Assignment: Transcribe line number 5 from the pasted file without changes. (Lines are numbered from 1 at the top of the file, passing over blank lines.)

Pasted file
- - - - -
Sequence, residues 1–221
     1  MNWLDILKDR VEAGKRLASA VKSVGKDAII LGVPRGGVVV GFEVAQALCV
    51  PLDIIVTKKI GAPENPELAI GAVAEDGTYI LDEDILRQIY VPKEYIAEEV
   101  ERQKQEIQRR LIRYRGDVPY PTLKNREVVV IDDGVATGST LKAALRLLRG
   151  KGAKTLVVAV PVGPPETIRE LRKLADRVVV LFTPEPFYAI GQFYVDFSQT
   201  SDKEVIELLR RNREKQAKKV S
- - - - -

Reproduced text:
   151  KGAKTLVVAV PVGPPETIRE LRKLADRVVV LFTPEPFYAI GQFYVDFSQT